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Screw Your Standing Desk!

A sitter's manifesto

W. W. Denslow/Wikimedia Commons

City life affords few greater pleasures than a seat on a crowded subway. While everyone else bumps and grinds to the spasms of the speeding train, you sit snug between two strangers with a magazine on your knees. The humid stench of morning breath wafts harmlessly overhead; the intercom warnings of “unlawful sexual conduct” aren’t quite so creepy. And if a pregnant or elderly person boards the train, a subway seat affords you an even better satisfaction: selflessly standing up.

Enjoy it while you can, because if Michael Bloomberg’s ethos outlives his mayorship, it’s easy to imagine a future with no subway seats at all. Americans spend most of their waking hours seated at a desk or in a car, and our sedentary lifestyles are jeopardizing more than just our postures. Inactivity ratchets up the risk of diabetes, heart disease, and death, according to a slew of research. “Sitting is the new smoking,” a doctor recently told the Los Angeles Times—and so it seems inevitable that New York City will try to regulate it.

It worries me because I like to sit. It feels fantastic. If I wrote The Giving Tree, I would have chopped the tree down on the first page and had the boy sit on the stump for the rest of the book. And I would definitely have written it while seated myself, because sitting, for me, is one of the true rewards of writing.

What, then, is Colum McCann thinking? A recent The New York Times Magazine profile revealed that the novelist writes on the floor of a windowless closet. That’s a tad austere: The point of writing is to sit in as comfortable a chair as possible. Still, it got me wondering how other writers sit when they write. I emailed Geoff Dyer, who seemed the sensible type of writer who would appreciate a good seat. He replied promptly:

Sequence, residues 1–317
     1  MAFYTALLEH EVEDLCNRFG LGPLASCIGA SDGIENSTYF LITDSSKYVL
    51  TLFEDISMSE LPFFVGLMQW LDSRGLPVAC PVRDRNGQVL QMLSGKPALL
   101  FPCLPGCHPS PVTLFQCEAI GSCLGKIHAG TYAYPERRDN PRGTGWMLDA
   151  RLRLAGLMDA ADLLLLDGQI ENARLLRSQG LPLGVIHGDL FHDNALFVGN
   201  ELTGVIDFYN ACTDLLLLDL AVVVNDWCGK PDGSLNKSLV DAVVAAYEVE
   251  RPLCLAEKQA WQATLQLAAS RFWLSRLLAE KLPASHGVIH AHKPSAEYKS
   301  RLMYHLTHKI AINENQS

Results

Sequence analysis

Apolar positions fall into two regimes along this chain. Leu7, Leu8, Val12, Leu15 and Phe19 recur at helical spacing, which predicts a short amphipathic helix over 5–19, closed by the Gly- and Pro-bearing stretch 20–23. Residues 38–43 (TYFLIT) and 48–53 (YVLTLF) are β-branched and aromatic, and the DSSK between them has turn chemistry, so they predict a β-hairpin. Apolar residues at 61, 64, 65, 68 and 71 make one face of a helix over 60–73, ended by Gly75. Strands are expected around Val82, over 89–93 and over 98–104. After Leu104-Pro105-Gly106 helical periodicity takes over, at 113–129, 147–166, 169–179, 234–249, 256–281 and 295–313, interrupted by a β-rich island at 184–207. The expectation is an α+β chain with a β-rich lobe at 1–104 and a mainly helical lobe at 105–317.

Sometimes when people give up their seat for me—as they ought—they accompany this generous gesture with the words “I’ve been sitting all day.” “Me too!” I say, happily taking the weight off my feet. If I've sat on my arse all day—and it’s definitely my English arse I sit on, not an American ass—then what I most want to do come evening is sit on it some more. But I do like to change where I sit on it. In the day I'm at my desk in one of those Herman Miller Aeron chairs that make one feel like a mid-level executive with back problems. For a while in the afternoon I move to a red leather chair that tilts back like a prototype of the first-ever business-class airplane seat in order to read, i.e. induce a nap. Having recovered from my nap, I put in a further quarter-hearted shift in my Aeron before moving to the living-room sofa for some real sitting: sitting in the sense of almost lying down with all parts of the body evenly supported. “Up go the feet,” I say out loud and from then until bed-time they come down only reluctantly.

Zoë Heller told me by email that she writes from “an extremely unergonomic blue armchair that I bought at a yard sale 15 years ago.” She explained:

When I read that Phillip Roth wrote standing up at a lectern, I did briefly fantasize about trying it out. (It's hard to resist the magical thinking that the work habits of great writers are the key to their greatness.) But it was never going to happen. The concentration required to overcome my sitting down reflex would leave no room for thinking about the work. Besides which, sitting is the least of my writing sins. The cigarette and Diet Coke habit is a much more pressing concern.

A representative of Roth confirms that he does, in fact, write while standing at a lectern. I’m a little disappointed in our preeminent novelist, but at least he's not writing on a treadmill.